Did you find the coolant boiling after car turned off and was parked in your car garage for some time? Worry not, we will help you understand why this is happening.
A coolant is a special fluid that prevents engine components like the cylinder head from overheating. It comprises ethylene glycol, water, additives, and green, pink or blue.
One of the common problems most car owners face is that coolant boiling after the car turns off. There can be various potential reasons, like low coolant in the reservoir or a damaged electric water pump. The radiator can also be choked with time and can create such issues.
5 Reasons Why Your Coolant Might Be Boiling
The coolant plays an essential role in keeping all the engine components cool. However, other components also play a role in cooling the car. They are the water pump, radiator, and water pump. Problems with any of these components can also make the vehicle engine overheat. Let us discuss the reasons for the coolant boiling after the car is turned off in detail.
#1. Low Coolant In The Reservoir
Low coolant in the reservoir can be the reason for the coolant boiling after you switch off your car. Low coolant can even decrease fuel efficiency and can reduce engine performance. You need to check the coolant level as soon as you notice the problem. If you find it low, then pour coolant into the reservoir.
Experts recommend that you need to flush off the old coolant after riding 30,000 or approximately after two years.
#2. Bad Radiator
The radiator is essential in cooling the engine components and is located under the car hood. The car engine produces a lot of heat while burning an air-fuel mixture. The heat needs to be vented to keep the engine components cool.
The thermostat is located on the engine front and detects the excess heat in the engine components. The coolant is then liberated from the radiator, flows through various parts of the engine, and extracts heat.
Coolant flows back to the radiator, exchanges heat with the outside air, and cools down. When the thermostat again detects excess heat in the engine, then the coolant is released from the radiator. This process continues repeatedly and helps to keep the engine components to become overheating.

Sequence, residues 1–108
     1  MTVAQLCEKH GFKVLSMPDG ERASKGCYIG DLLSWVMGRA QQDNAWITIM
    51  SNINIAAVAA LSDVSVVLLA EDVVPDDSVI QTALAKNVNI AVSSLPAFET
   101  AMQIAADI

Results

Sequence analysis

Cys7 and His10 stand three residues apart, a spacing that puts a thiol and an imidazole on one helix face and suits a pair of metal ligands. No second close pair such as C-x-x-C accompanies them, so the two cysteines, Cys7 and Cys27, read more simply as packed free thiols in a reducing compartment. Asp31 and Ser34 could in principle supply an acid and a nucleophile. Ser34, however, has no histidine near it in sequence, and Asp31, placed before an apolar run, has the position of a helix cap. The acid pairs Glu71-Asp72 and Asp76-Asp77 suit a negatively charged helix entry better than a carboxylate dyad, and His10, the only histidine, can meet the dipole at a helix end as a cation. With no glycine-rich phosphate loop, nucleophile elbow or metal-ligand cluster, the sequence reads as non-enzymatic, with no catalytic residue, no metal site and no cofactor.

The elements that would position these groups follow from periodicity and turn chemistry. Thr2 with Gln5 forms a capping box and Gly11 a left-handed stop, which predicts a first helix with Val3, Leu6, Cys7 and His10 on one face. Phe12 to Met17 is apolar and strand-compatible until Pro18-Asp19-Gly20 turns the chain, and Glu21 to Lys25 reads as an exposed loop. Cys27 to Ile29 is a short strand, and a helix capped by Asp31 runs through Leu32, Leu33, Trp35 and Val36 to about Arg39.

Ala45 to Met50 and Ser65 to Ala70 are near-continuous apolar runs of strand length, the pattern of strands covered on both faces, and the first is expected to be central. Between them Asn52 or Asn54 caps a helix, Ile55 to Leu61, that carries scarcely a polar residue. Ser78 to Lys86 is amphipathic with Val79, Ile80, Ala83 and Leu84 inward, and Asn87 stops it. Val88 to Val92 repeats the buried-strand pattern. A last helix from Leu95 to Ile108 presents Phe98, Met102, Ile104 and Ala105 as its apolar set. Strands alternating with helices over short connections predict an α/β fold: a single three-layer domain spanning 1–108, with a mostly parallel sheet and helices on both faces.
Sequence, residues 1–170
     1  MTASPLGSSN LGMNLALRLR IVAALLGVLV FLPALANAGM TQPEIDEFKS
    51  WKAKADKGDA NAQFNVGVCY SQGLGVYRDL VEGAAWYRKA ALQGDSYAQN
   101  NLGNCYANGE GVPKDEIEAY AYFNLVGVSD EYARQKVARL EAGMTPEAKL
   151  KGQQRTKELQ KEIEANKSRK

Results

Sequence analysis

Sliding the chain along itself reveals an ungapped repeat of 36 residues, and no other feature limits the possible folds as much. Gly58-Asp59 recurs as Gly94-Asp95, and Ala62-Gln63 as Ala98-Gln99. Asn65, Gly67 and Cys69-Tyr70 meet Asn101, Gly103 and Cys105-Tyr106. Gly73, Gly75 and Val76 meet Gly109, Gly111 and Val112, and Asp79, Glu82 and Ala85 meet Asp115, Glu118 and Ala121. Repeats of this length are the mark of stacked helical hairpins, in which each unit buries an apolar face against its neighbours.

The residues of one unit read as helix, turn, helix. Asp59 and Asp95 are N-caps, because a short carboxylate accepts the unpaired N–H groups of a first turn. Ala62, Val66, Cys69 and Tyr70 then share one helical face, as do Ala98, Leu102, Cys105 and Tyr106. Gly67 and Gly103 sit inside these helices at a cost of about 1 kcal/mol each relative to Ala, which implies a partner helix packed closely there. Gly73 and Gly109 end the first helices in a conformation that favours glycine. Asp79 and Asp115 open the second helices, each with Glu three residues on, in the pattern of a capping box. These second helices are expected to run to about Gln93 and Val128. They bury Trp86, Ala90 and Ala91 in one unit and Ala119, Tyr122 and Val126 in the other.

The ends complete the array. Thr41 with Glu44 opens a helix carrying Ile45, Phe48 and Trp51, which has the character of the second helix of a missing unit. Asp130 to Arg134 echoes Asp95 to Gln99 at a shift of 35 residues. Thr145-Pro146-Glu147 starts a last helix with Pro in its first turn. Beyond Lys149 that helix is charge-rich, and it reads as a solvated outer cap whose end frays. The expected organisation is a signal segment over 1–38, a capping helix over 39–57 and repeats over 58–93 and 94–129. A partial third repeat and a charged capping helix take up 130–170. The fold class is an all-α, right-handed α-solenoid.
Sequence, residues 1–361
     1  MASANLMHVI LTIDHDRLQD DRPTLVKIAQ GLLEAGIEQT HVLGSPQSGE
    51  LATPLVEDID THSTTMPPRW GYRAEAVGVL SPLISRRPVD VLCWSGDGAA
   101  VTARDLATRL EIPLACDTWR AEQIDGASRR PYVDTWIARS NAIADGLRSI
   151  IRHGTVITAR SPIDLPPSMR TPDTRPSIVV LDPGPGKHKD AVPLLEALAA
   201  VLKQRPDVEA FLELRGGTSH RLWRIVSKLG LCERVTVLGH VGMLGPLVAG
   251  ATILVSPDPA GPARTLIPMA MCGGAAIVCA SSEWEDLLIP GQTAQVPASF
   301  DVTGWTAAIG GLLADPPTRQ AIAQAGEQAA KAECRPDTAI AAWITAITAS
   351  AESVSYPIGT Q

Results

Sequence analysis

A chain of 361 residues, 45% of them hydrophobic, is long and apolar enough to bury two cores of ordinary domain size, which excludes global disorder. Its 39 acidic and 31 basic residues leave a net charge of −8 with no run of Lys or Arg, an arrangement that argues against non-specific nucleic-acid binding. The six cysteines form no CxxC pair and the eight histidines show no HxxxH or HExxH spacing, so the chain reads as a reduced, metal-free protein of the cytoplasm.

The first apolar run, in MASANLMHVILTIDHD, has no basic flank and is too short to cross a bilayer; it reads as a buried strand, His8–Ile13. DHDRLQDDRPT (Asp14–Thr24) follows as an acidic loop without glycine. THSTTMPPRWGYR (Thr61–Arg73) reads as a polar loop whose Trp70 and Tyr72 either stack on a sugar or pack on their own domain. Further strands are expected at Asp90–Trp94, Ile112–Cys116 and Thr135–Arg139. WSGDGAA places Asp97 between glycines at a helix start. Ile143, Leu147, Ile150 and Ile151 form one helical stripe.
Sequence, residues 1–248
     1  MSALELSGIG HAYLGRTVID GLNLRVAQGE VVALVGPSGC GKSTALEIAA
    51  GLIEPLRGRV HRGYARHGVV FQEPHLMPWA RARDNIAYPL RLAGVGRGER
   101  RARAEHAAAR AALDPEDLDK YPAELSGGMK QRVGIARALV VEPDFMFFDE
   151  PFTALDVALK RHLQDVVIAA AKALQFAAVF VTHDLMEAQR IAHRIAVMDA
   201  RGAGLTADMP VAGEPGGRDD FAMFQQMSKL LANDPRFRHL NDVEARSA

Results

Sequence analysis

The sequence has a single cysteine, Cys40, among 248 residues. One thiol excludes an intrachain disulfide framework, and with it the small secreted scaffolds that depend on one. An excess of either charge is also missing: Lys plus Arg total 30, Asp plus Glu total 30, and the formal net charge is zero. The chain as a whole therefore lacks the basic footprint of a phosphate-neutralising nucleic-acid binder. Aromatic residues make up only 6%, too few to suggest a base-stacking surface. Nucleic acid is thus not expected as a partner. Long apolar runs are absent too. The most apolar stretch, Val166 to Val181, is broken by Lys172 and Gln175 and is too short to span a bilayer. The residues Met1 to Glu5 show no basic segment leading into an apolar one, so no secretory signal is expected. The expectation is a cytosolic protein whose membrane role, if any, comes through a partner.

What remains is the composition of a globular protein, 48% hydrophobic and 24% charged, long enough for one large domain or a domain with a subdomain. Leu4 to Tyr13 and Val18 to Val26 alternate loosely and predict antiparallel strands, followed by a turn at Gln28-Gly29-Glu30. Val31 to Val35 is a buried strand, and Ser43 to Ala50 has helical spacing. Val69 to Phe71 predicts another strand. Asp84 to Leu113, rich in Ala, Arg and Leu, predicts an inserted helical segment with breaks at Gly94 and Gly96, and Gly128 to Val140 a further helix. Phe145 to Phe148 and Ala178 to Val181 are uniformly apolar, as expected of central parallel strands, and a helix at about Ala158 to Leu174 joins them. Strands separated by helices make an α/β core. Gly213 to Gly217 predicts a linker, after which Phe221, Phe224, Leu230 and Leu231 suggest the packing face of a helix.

But if you don’t flush the radiator within a gap of at least 5-6 years, dust, dirt, grease, and other foreign materials get trapped in the radiator pipes. Consequently, it reduces the efficiency of the radiator. The coolant cannot be adequately cooled down, resulting in the engine overheating.
Some signs of the blocked radiator are boiling coolant, an overheated engine, and smoke from the tail pipe. So, clean the radiator to remove debris once you observe such symptoms.
You can do the cleaning easily at home.
Remove the radiator cap and pour distilled water into it. Close the lid and start the car. Allow the car to run for almost 15-20 minutes. It will help in flushing all the dirt and debris from the radiator.
#3. Faulty Radiator Cap
A damaged radiator cap is a primary reason for the coolant to boil off. Most car owners overlook the importance of the radiator cap. It no doubt looks so small but plays a vital role in cooling the engine components.
The radiator cap is a mechanical device that helps maintain the coolant pressure inside the pipes so they will not boil. After extracting heat from the engine components, the coolant starts to boil at 212 degrees Fahrenheit and changes into a vapor state. But the vapor coolant will b ineffective in cooling the engine components, and finally, your engine will get overheated.
The radiator cap helps maintain pressure inside the radiator and thus increases the boiling point of the coolant. The cap even prevents the outside air from entering the cooling system.
So, in short, the radiator cap acts like a pressure relief valve.
Most of the cars are equipped with radiator caps of 15psi. The valve will open when the pressure of the flow of coolant inside the radiator becomes more than 15 psi. It will release the extra pressurized coolant to the expansion coolant tank.
The coolant contracts when the engine cools down.The pressure in the coolant drops, and the engine radiator caps open the second valve, i.e., the vacuum valve. Now the coolant from the expansion tank flow inside the radiator.